We are seeing another consequence of the 2016 presidential election. According to Jason Hopkins, the Supreme Court recently ruled “that state governments can prosecute illegal aliens of identity theft, including aliens who use false Social Security numbers to unlawfully gain employment.” A majority in a 5-4 decision said that federal election law does not forbid state prosecution of “illegal aliens who used false or stolen identification.”
Why is this decision noteworthy? There are federal crimes, and there are state crimes. States are not supposed to prosecute federal crimes. Immigration is a federal matter, and Social Security numbers are dispensed by a federal agency. Therefore, some people believe that anything having to do with them should be a federal matter. However, the Supreme Court said, “Not so fast.”
This case revolved around interpretation of the Immigration Reform and Control Act (IRCA), which makes it a federal crime to lie on employment authorization forms.
While liberal justices on the Supreme Court argued that immigration-related employment fraud is a federal matter, conservatives found that aliens can be also subject to criminal prosecution by states if they use someone else’s information.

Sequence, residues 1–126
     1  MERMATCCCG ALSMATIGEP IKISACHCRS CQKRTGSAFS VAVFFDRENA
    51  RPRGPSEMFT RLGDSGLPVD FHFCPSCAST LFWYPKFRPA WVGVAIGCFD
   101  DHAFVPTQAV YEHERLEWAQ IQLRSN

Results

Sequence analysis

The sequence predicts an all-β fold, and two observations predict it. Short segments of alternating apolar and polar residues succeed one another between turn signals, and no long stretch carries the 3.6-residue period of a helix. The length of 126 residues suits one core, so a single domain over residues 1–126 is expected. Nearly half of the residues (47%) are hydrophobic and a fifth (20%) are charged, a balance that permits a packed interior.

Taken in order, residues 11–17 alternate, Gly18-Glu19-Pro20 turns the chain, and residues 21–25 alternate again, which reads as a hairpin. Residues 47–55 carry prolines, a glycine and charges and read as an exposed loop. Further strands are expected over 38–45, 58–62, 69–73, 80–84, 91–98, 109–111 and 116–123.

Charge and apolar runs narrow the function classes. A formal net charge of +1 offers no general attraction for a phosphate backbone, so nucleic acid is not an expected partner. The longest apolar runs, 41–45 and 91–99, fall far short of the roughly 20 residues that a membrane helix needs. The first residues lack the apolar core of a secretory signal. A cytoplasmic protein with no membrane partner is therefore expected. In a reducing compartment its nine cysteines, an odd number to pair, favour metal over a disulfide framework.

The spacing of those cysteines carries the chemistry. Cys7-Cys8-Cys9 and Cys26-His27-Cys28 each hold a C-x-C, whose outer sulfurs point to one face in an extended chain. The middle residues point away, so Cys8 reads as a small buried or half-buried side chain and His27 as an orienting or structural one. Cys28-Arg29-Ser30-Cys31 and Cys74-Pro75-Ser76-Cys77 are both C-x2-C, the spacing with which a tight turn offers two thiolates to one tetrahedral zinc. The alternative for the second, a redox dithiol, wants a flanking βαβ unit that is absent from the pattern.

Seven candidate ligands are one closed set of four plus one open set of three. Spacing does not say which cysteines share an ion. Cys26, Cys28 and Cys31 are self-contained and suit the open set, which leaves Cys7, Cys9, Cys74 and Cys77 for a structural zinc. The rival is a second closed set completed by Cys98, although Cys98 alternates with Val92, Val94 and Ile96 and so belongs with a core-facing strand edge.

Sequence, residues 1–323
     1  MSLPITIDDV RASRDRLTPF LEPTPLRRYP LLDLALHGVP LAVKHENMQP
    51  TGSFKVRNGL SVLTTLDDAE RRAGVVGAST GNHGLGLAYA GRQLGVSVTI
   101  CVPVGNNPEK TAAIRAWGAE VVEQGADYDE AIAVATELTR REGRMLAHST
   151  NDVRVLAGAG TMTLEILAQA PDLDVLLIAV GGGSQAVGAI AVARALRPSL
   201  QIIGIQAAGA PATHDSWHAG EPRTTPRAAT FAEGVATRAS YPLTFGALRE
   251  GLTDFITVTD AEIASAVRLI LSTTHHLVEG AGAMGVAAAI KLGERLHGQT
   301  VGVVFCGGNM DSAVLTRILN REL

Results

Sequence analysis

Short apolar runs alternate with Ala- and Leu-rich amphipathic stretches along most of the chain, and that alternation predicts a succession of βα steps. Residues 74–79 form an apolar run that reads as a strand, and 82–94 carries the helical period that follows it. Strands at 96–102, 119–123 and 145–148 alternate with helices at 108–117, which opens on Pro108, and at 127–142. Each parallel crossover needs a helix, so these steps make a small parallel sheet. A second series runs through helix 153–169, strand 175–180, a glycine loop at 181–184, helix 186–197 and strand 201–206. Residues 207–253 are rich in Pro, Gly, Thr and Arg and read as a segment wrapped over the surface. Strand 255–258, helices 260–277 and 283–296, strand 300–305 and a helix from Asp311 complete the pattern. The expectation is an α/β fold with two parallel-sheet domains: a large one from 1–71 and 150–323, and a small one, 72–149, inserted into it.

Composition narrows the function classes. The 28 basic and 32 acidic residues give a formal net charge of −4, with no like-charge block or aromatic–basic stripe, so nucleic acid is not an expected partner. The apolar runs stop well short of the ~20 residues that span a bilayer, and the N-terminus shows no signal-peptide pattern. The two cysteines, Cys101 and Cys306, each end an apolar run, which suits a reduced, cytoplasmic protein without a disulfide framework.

“Although IRCA expressly regulates the use of I-9’s and documents appended to that form, no provision of IRCA directly addresses the use of other documents, such as federal and state tax-withholding forms, that an employee may complete upon beginning a new job,” wrote Justice Samuel Alito on behalf of the court’s majority.
Alito was joined by Justices John Roberts, Clarence Thomas, Brett Kavanaugh, and Neil Gorsuch.
The conservative majority of the Supreme Court – with Gorsuch and Kavanaugh nominated by Donald Trump – overturned a Kansas Supreme Court ruling from 2017 that “voided the convictions of three restaurant workers who used false identities to gain employment.” The three employees did not have permission to work in the United States and gave false identities to get employment.
The state Supreme Court found that the Immigration Reform and Control Act prohibited states from prosecuting such cases as they were solely federal matters.
Kansas, however, countered that the prosecutions were not related to immigration, and that such an interpretation would undermine its capability to fight identity theft.
The U.S. Supreme Court sided with Kansas and made it possible for states to prosecute identity theft cases that had nothing to do with immigration. This means that the three aliens who stole identities in order to work illegally in the United States can be prosecuted by Kansas for their actions. Identity theft is a terrible crime, and perpetrators should be held accountable for it.